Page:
Israel Intensifies Gaza Strikes, US Alarmed


(MENAFN- Gulf Times)

  • Fighting house to house in Khan Younis - Israeli commander
  • Israeli military says 94 Israeli soldiers killed in combat since ground invasion of Gaza began
  • Gaza health ministry puts Palestinian death toll at 17,487
  • UNRWA says its ability to help Gazans 'reducing fast'
Israel sharply stepped up strikes on the Gaza Strip, pounding the length of the Palestinian enclave and killing hundreds in a new, expanded phase of the war that Washington said veered from Israeli promises to do more to protect civilians.
The Israeli military said on Friday it had struck more than 450 targets in Gaza from land, sea and air over the past 24 hours - the most since a truce collapsed last week and about double the daily figures typically reported since then.
With most Gazans now displaced and unable to access any aid, hospitals overrun and food running out, the main UN agency there said society was "on the verge of a full-blown collapse" and its ability to protect people there was "reducing fast".
Residents and the Israeli military both reported intensified fighting in both northern areas, where Israel had previously said its troops had largely completed their tasks last month, and in the south where they mounted a new assault this week.
Gaza's health ministry reported 350 people killed on Thursday, bringing the death toll from Israel's two-month campaign in Gaza to 17,487, with thousands more missing and presumed buried under rubble. More strikes were reported on Friday morning in Khan Younis in the south, the Nusseirat camp in the centre and Gaza City in the north.
Israel's military said 94 Israeli soldiers had been killed fighting in Gaza since its ground invasion of the enclave began.
An Israeli commander, Brig. Gen. Dan Goldfuss, said in a video message recorded in Khan Younis that his forces were fighting house to house and "shaft to shaft", a reference to tunnel shafts. As he spoke, gunshots rang out in the background.
US Secretary of State Antony Blinken said in Washington on Thursday that it was imperative that Israel took steps to protect Gaza's civilian population.
"And there does remain a gap between...the intent to protect civilians and the actual results that we're seeing on the ground," he told a press conference.
The vast majority of Gaza's 2.3 million people have been driven from their homes - many forced to flee three or four times - with only the belongings they can carry.
With the fighting now extended across both halves of the Gaza Strip at the same time, residents say it has become almost impossible to find refuge.
Hamas reported the most intense clashes with Israeli forces were taking place in the north in Gaza City's Shejaia district, as well as in the south in Khan Younis, where Israelis reached the heart of the enclave's second-biggest city on Wednesday.
Reuters journalists in the southern Gaza Strip have seen dead and wounded overrunning the main Nasser hospital in Khan Younis, where there was no room on the floor on Friday for arriving patients sprawled across bloodsmeared tiles.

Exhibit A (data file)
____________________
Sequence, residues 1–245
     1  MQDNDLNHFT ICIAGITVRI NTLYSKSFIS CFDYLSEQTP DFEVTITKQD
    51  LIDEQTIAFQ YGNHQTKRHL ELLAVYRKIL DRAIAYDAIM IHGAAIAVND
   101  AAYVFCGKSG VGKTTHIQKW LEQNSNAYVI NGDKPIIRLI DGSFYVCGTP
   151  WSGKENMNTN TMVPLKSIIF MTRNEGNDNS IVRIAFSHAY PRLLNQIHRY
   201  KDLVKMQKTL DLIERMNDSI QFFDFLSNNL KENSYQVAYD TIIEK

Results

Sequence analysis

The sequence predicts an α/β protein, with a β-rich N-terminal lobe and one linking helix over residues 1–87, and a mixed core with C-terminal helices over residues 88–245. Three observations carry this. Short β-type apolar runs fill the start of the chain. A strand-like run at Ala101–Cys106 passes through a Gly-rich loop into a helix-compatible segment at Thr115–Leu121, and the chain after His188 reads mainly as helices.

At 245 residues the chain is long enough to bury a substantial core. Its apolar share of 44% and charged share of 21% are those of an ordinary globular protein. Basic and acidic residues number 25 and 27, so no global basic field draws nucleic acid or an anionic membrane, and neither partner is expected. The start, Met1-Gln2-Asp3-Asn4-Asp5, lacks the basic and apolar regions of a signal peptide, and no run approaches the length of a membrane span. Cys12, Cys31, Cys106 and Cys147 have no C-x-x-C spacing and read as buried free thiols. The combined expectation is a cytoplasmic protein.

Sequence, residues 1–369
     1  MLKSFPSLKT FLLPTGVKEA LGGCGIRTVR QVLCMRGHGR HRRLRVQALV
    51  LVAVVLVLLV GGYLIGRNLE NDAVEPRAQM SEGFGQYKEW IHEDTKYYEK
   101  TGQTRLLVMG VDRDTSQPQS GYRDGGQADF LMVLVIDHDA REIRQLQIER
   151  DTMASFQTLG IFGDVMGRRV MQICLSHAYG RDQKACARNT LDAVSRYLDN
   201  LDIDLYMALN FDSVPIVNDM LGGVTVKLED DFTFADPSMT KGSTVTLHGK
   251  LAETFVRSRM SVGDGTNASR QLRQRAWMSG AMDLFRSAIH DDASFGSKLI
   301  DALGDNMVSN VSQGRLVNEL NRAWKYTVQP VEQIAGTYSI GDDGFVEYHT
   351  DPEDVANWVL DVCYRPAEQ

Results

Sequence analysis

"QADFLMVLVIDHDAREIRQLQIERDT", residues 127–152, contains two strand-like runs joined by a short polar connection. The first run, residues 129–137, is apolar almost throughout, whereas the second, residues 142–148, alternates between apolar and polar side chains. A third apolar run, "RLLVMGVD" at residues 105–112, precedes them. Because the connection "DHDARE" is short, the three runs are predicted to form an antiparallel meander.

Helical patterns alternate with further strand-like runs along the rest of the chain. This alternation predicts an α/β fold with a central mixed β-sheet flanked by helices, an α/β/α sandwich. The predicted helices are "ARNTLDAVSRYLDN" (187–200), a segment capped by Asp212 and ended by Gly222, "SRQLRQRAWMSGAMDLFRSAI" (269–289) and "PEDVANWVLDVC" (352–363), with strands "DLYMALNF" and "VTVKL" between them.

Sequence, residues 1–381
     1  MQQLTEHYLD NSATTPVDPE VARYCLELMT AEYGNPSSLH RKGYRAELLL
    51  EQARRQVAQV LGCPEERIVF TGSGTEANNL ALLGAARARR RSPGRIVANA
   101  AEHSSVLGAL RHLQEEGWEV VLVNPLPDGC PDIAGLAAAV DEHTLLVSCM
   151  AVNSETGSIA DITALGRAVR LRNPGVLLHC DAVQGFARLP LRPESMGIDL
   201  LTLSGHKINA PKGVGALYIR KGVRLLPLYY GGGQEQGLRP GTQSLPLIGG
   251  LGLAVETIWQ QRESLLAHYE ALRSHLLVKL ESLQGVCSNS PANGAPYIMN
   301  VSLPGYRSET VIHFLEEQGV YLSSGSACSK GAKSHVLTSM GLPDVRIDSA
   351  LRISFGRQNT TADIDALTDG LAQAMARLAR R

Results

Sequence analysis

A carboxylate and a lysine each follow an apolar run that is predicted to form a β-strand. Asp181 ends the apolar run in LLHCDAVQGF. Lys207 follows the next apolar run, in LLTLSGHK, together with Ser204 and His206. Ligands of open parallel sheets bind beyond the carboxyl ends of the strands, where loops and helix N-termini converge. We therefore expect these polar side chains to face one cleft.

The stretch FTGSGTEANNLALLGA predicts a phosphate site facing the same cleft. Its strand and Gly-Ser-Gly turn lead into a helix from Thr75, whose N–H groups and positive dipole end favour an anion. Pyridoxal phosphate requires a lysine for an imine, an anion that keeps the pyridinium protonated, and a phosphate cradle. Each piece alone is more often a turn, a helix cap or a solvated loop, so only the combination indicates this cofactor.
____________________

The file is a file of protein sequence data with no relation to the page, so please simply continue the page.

"We are staying in an area that is, according to maps, a safe area," said Mohamed al-Amouri, adjusting an oxygen mask for his school-aged son who lay on a hospital bed in soccer shorts with his legs bandaged and his body lacerated.
"Children were on the streets playing, living life normally... we went out after the hit, hearing screams, to find youth, children, women and men in body parts - among them martyrs and injured."
In Rafah, further south hard against the border with Egypt, Thaer Kadeeh is living with his family in a makeshift tent from sheets of thin plastic.
"We don't sleep. Fear, hunger and cold, the three combined and no one is looking out for us," he told Reuters. "You try to make the feeling of hunger go away for like an hour, but then the child asks again for food."
Residents reached by telephone elsewhere in Gaza described similar scenes of desperation. With the fighting now in all directions, there was no place left to flee, said Yamen, sheltering at a school in central Gaza with his family.
"Inside the school is like outside it: the same feeling of fear of near death, the same suffering of starvation," he said. "Every day we say we somehow survived. But for how long?"
Thomas White, Gaza head of UNRWA, the UN aid agency for Palestinians, wrote on X: "Civil order is breaking down in Gaza - the streets feel wild, particularly after dark - some aid convoys are being looted and UN vehicles stoned. Society is on the brink of full-blown collapse."
Ramy Abdu, head of the Geneva-based Euro-Mediterranean Human Rights Monitor, posted pictures showing severe damage to the vast medieval Great Omari Mosque, the most important landmark in Gaza's Old City, apparently hit for the first time. There was no immediate comment from the Israeli military.
A Hamas official accused Israeli forces of a "heinous crime against innocent civilians" after images of Palestinian men stripped to their underwear in Gaza circulated on social media. The International Committee of the Red Cross said it was concerned by the images and all detainees must be treated with humanity and dignity.

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